When Keats lamented that scientific inquiry would ‘conquer all mysteries by rule and line’ and ‘unweave a rainbow’, he was, it turns out, being unduly pessimistic. Science has revealed a vista of new wonders and brought us up sharply against the limits of what we can know. Consider, for example, as Adam Nicolson does at one point in his wonderfully wide-ranging new book, the work of Benoît Mandelbrot, the father of the fractal, who demonstrated that, in Nicolson’s words, ‘the closer you look at something, the more it remains unknown. Knowledge cannot embrace whatever it seeks to know. It can only sit alongside the world, contingent, touching it, maybe, at one or two points but shrinking beside the unaddressable and limitless actuality of things.’ Such a simple question as ‘How long is the coast of Britain?’ has no answer once you start looking closely at the actuality.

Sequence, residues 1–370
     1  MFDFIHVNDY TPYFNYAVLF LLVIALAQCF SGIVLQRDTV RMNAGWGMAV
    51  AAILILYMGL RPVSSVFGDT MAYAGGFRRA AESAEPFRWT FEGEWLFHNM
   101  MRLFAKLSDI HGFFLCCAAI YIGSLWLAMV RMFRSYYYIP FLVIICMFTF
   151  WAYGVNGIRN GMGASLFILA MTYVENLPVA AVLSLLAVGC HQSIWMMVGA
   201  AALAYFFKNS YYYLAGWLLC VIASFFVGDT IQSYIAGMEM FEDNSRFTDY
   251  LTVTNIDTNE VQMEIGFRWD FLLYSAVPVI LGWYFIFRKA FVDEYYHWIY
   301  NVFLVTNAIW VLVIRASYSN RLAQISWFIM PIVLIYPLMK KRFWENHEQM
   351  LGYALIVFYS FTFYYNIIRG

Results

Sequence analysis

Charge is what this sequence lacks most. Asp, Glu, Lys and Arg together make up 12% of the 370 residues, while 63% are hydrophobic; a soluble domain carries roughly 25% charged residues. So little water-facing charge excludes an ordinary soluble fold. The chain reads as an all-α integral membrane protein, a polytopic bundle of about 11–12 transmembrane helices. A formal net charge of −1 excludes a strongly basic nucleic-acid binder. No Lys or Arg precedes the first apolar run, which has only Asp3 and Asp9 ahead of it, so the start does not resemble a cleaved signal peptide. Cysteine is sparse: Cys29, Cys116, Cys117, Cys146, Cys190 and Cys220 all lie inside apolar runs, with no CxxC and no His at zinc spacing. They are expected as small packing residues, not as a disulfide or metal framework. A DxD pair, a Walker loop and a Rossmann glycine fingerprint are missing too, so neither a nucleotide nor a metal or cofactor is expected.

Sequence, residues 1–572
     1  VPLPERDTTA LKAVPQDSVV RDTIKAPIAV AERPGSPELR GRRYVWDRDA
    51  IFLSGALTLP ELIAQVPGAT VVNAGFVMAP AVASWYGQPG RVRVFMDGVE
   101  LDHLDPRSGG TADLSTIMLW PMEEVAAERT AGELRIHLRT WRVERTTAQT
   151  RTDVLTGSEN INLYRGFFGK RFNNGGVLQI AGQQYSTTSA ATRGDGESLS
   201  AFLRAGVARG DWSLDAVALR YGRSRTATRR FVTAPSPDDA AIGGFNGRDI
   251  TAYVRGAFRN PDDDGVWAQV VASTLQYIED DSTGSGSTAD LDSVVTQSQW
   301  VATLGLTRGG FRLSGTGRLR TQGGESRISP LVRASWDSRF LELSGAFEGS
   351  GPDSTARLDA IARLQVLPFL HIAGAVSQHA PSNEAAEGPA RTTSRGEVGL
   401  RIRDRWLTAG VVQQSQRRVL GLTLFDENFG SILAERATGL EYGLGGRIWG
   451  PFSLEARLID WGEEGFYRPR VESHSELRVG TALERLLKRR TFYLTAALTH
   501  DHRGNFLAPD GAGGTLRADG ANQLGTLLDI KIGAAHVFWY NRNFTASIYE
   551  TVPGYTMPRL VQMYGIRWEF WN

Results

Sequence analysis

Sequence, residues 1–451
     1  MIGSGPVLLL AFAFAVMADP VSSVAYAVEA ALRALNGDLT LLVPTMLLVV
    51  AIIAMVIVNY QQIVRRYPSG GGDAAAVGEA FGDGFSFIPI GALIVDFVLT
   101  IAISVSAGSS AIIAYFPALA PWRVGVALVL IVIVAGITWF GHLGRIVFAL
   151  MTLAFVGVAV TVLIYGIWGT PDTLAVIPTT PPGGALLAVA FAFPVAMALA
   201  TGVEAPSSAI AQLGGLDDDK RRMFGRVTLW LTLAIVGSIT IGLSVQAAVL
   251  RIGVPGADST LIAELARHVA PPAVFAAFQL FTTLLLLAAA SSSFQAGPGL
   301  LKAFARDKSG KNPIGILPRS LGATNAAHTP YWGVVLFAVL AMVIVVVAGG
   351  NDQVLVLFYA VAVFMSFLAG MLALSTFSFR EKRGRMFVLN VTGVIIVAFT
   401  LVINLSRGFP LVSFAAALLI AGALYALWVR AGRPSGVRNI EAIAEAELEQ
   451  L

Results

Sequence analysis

The coast of Britain – specifically the intertidal shoreline of a bay on the Morvern peninsula on the west coast of Scotland – is where this book begins and ends. Here Nicolson, fascinated by the animal and plant life revealed by the changing tides, sets out to build three rock